That being said, Crosby is a core part of the team, a core part of their winning record, and so far appears to be living up to the C on his jersey just as he did in Pittsburgh last year.
Team North America: Matt Murray
There’s a fanbase in mourning for the early exit of Team North America. They were fast, young, and fun to watch, but despite their winning record, Finland’s 3-0 loss to Russia was the death knell for their World Cup hopes.
North America failed to advance when they didn’t win in regulation time against Team Sweden, a game that Murray wasn’t even on the ice for, having been scratched because of an injury before the game.
The injury at first didn’t seem to be major:
“I’ve done it a bunch of times,” said Murray in an NHL.com interview, indicating that setback would not keep him off the ice for long- but the game he didn’t play was the game that North America didn’t manage to win in regulation, therefore having them fall just short of qualifying for the semifinals. Was the absence of Murray in net a key reason that Team North America won’t be playing any more games in this tournament?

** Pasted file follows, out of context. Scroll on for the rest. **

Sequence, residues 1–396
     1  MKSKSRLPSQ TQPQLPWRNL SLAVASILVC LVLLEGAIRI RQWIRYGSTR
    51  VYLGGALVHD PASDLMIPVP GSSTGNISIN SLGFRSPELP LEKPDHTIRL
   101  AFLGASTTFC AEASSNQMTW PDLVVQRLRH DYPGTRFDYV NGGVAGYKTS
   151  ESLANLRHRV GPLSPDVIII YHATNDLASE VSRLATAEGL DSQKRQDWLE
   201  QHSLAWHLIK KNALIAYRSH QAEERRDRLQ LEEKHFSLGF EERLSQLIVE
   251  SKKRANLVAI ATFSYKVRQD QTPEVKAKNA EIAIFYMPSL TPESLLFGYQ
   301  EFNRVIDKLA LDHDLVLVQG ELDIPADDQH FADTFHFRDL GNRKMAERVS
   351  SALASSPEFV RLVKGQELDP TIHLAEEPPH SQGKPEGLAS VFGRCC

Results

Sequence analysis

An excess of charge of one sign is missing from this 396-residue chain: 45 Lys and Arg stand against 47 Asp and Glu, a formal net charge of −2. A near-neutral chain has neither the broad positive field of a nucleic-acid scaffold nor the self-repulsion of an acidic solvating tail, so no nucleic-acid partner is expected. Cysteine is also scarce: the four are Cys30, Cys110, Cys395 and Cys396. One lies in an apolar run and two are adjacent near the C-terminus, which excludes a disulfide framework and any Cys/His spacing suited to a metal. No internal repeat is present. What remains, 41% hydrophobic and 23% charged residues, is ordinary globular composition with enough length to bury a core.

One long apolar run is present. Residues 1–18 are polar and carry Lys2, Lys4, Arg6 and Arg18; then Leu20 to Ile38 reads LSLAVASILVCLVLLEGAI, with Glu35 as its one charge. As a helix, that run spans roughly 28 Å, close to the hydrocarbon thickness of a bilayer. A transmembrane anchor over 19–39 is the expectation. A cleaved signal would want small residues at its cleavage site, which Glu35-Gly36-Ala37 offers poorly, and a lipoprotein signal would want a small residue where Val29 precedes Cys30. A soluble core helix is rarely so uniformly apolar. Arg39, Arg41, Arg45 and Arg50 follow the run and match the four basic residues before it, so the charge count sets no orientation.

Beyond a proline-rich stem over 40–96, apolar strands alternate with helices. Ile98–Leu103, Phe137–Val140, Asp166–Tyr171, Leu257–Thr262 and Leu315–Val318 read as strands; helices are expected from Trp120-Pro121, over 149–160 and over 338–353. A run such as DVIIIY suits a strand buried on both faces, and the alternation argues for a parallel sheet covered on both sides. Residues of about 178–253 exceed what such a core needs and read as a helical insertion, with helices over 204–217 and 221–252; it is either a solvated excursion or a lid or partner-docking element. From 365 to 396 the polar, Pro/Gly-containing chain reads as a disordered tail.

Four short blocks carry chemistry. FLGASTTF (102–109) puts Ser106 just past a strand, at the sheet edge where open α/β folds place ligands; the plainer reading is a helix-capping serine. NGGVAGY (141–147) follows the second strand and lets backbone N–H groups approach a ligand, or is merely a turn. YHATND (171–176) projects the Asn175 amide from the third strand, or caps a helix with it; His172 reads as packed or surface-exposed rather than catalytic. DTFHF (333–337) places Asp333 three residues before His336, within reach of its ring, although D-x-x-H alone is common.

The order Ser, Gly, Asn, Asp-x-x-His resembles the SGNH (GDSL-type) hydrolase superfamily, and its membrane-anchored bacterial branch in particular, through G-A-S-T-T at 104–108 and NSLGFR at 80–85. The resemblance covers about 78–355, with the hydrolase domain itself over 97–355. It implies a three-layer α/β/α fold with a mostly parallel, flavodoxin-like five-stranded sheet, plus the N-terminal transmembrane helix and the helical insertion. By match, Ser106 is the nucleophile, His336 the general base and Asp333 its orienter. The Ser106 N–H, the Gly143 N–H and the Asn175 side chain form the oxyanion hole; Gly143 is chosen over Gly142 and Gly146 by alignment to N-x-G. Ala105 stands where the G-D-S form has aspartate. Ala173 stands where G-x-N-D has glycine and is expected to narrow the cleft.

Murray’s backup goalie, John Gibson, subbed in for him in North America’s game against Russia and then started in the game against Sweden that Murray was unable to play in. He will end North America’s World Cup run with a .932 save average– significantly higher than Murray’s. It can’t be said he played badly. It’s hard to blame North America’s failure to advance on either goaltender. What kept them from the semifinals wasn’t even a loss- it was an overtime win. The goal that got that win was scored directly after a game-changing, last minute save from Gibson himself.
North America’s elimination certainly can’t be blamed on either of the goaltenders, but the question of whether or not Murray’s participation in the final game would have gotten Team North America that crucial regulation-time win is a question that Murray and his fans will likely wonder for some time to come.